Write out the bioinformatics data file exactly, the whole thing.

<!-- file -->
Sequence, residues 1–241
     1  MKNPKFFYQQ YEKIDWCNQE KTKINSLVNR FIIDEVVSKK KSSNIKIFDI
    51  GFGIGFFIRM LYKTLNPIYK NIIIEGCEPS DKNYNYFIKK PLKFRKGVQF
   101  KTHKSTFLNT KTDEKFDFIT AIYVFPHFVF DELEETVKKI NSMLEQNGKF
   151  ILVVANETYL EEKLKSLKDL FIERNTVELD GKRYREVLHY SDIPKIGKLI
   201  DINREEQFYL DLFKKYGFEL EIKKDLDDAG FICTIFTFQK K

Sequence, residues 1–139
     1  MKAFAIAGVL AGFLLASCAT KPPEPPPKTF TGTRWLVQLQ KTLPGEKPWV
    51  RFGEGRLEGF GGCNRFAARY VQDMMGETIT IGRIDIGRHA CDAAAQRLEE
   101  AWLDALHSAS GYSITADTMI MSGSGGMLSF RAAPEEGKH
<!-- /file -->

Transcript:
Sequence, residues 1–241
     1  MKNPKFFYQQ YEKIDWCNQE KTKINSLVNR FIIDEVVSKK KSSNIKIFDI
    51  GFGIGFFIRM LYKTLNPIYK NIIIEGCEPS DKNYNYFIKK PLKFRKGVQF
   101  KTHKSTFLNT KTDEKFDFIT AIYVFPHFVF DELEETVKKI NSMLEQNGKF
   151  ILVVANETYL EEKLKSLKDL FIERNTVELD GKRYREVLHY SDIPKIGKLI
   201  DINREEQFYL DLFKKYGFEL EIKKDLDDAG FICTIFTFQK K

Sequence, residues 1–139
     1  MKAFAIAGVL AGFLLASCAT KPPEPPPKTF TGTRWLVQLQ KTLPGEKPWV
    51  RFGEGRLEGF GGCNRFAARY VQDMMGETIT IGRIDIGRHA CDAAAQRLEE
   101  AWLDALHSAS GYSITADTMI MSGSGGMLSF RAAPEEGKH